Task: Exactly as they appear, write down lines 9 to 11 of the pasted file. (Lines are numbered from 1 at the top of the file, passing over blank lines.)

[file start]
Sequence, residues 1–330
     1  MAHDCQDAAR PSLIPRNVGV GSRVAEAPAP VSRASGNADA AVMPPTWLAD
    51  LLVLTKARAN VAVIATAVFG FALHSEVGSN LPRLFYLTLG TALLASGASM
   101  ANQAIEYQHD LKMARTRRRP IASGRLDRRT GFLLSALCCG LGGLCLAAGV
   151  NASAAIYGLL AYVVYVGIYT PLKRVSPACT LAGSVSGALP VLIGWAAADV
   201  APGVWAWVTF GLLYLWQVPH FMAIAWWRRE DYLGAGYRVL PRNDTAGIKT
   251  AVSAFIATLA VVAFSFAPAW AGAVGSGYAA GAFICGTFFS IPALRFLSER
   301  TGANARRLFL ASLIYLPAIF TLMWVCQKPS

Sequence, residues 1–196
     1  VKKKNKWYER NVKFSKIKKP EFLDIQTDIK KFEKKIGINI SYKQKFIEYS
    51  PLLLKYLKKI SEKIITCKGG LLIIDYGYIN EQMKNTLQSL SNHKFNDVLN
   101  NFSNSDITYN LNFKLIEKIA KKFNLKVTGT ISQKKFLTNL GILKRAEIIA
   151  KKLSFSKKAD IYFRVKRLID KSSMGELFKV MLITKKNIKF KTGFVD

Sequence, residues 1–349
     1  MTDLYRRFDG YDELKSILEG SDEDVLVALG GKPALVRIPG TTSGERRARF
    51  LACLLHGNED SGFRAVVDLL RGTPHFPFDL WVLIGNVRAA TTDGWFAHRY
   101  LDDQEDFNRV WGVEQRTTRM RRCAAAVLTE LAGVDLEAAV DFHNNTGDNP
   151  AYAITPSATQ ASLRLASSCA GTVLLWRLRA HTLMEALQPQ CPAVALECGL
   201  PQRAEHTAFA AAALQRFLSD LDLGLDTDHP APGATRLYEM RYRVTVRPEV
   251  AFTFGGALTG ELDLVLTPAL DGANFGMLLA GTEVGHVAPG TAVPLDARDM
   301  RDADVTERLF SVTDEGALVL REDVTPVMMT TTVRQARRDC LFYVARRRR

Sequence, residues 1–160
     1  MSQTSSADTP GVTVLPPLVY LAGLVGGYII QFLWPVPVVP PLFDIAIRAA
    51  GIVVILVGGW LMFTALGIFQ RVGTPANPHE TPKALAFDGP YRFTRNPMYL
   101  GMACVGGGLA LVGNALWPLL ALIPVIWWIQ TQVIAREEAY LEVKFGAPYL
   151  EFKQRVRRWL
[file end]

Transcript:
Sequence, residues 1–196
     1  VKKKNKWYER NVKFSKIKKP EFLDIQTDIK KFEKKIGINI SYKQKFIEYS
    51  PLLLKYLKKI SEKIITCKGG LLIIDYGYIN EQMKNTLQSL SNHKFNDVLN